While the FDA has apparently cautioned Thermo-BioStar against advising physicians to abandon throat culture backup, I anticipate that the strong statement in the Red Book has convinced physicians to consider not using culture backup when an OIA is negative, based on their own experience with this assay. This underscores the need for pediatricians to set rational and reasonable policies for their office lab, based on the performance of their chosen rapid strep assay in daily practice.

Many factors contribute to the accuracy of rapid strep tests—some independent of the assay used. One important factor is the aggressiveness of the person (medical assistant, nurse, physician) obtaining the specimen from the pharynx, because most rapid antigen tests can only detect the amount of antigen equivalent to 10 colonies of Group A strep. The advantage of the OIA test is that it can detect a lower level of antigen compared with EIA­based rapid strep tests.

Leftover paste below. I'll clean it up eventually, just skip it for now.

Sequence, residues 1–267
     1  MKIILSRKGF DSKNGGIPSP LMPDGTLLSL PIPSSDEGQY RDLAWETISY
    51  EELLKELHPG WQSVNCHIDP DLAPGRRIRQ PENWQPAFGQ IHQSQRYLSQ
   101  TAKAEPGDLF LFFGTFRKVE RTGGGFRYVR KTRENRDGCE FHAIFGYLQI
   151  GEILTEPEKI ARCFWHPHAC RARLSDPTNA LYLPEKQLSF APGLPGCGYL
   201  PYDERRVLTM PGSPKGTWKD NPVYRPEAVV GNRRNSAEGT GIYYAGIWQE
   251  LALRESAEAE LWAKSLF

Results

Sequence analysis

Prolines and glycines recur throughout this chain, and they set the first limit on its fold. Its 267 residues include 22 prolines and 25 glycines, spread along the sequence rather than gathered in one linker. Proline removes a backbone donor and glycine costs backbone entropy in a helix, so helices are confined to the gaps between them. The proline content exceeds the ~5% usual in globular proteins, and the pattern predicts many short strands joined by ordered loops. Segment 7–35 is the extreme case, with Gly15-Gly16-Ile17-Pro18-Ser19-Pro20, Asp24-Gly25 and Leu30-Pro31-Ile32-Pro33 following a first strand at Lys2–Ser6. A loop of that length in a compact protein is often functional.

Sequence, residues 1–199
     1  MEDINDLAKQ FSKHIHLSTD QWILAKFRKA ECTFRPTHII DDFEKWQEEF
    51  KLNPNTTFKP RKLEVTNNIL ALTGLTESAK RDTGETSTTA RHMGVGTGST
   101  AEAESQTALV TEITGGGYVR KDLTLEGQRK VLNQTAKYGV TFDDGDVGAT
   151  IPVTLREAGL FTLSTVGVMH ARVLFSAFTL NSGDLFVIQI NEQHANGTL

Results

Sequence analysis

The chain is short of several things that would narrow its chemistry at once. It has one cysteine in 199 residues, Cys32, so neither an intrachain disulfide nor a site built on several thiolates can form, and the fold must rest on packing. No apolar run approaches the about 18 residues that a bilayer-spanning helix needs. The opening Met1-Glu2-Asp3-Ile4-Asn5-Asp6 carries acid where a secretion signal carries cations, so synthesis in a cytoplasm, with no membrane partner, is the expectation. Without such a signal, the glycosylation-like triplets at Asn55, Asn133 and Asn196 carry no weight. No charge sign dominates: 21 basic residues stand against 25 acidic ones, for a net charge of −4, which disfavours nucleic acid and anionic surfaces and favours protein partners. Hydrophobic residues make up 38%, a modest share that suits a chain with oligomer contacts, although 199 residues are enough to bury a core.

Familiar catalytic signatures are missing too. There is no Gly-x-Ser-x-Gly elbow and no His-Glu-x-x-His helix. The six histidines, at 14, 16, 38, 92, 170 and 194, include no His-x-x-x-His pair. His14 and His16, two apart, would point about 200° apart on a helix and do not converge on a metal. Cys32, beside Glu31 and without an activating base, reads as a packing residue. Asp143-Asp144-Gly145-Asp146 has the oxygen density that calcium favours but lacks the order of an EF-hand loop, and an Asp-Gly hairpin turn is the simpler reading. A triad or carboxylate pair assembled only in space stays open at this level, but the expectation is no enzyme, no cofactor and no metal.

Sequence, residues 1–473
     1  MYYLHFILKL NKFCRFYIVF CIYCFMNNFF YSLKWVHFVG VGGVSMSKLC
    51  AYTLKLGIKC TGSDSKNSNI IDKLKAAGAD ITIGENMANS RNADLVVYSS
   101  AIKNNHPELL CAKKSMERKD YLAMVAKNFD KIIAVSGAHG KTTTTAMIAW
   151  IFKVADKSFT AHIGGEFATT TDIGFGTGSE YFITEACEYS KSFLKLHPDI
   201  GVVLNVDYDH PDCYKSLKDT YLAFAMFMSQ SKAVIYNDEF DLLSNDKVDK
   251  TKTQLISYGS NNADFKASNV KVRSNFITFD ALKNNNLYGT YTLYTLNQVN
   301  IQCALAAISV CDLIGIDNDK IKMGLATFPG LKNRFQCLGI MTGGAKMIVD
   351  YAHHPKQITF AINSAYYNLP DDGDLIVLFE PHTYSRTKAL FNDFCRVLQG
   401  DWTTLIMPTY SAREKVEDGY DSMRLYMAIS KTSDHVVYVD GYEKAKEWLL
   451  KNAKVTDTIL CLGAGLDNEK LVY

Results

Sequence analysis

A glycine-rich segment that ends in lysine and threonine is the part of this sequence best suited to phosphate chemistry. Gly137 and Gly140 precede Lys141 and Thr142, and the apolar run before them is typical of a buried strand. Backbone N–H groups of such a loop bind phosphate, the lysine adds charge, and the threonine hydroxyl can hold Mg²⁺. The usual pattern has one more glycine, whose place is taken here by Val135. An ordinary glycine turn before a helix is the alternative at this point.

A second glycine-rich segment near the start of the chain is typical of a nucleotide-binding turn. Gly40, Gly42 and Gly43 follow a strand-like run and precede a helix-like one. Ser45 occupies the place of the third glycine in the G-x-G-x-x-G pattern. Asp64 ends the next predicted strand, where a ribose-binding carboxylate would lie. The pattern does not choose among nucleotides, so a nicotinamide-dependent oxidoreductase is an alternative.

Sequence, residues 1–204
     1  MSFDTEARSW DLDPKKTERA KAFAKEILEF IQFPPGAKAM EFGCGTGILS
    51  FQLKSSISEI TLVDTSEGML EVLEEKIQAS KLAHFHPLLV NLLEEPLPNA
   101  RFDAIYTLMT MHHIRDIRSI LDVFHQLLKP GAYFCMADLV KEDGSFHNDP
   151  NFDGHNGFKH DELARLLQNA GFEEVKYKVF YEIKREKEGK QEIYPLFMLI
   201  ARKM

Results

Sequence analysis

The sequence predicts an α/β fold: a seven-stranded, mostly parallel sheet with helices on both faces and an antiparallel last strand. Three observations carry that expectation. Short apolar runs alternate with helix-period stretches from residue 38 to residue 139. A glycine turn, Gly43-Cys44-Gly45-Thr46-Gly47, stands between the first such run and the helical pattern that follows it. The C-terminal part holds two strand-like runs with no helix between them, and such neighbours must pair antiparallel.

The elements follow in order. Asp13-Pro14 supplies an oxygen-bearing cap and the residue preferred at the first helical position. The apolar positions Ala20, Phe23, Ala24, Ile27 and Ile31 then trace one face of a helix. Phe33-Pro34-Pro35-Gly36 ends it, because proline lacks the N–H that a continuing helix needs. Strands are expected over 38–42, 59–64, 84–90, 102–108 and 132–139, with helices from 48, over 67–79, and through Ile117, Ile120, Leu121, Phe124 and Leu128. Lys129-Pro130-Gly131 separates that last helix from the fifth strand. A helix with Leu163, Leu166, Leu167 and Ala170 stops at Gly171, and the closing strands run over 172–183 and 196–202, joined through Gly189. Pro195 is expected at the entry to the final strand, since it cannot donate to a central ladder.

I suspect that most pediatricians have performed backup throat cultures on hundreds of rapid strep tests and gotten a good sense of their selected assay's sensitivity compared with the culture standard. In my experience, the incidence of false-negative rapid strep assays is quite low when a throat specimen is obtained aggressively and processed as recommended by the manufacturer.

Andrew J. Schuman, MD
Manchester, N.H.


In "Newborn discharge: A time to be especially thoughtful" in the October 2000 issue, the final sentence in Table 4 should read: "Caution parents to avoid introducing solids before 4 months of age and feeding honey before 12 months of age and to avoid bottle propping."


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Letters. Contemporary Pediatrics 2001;4:119.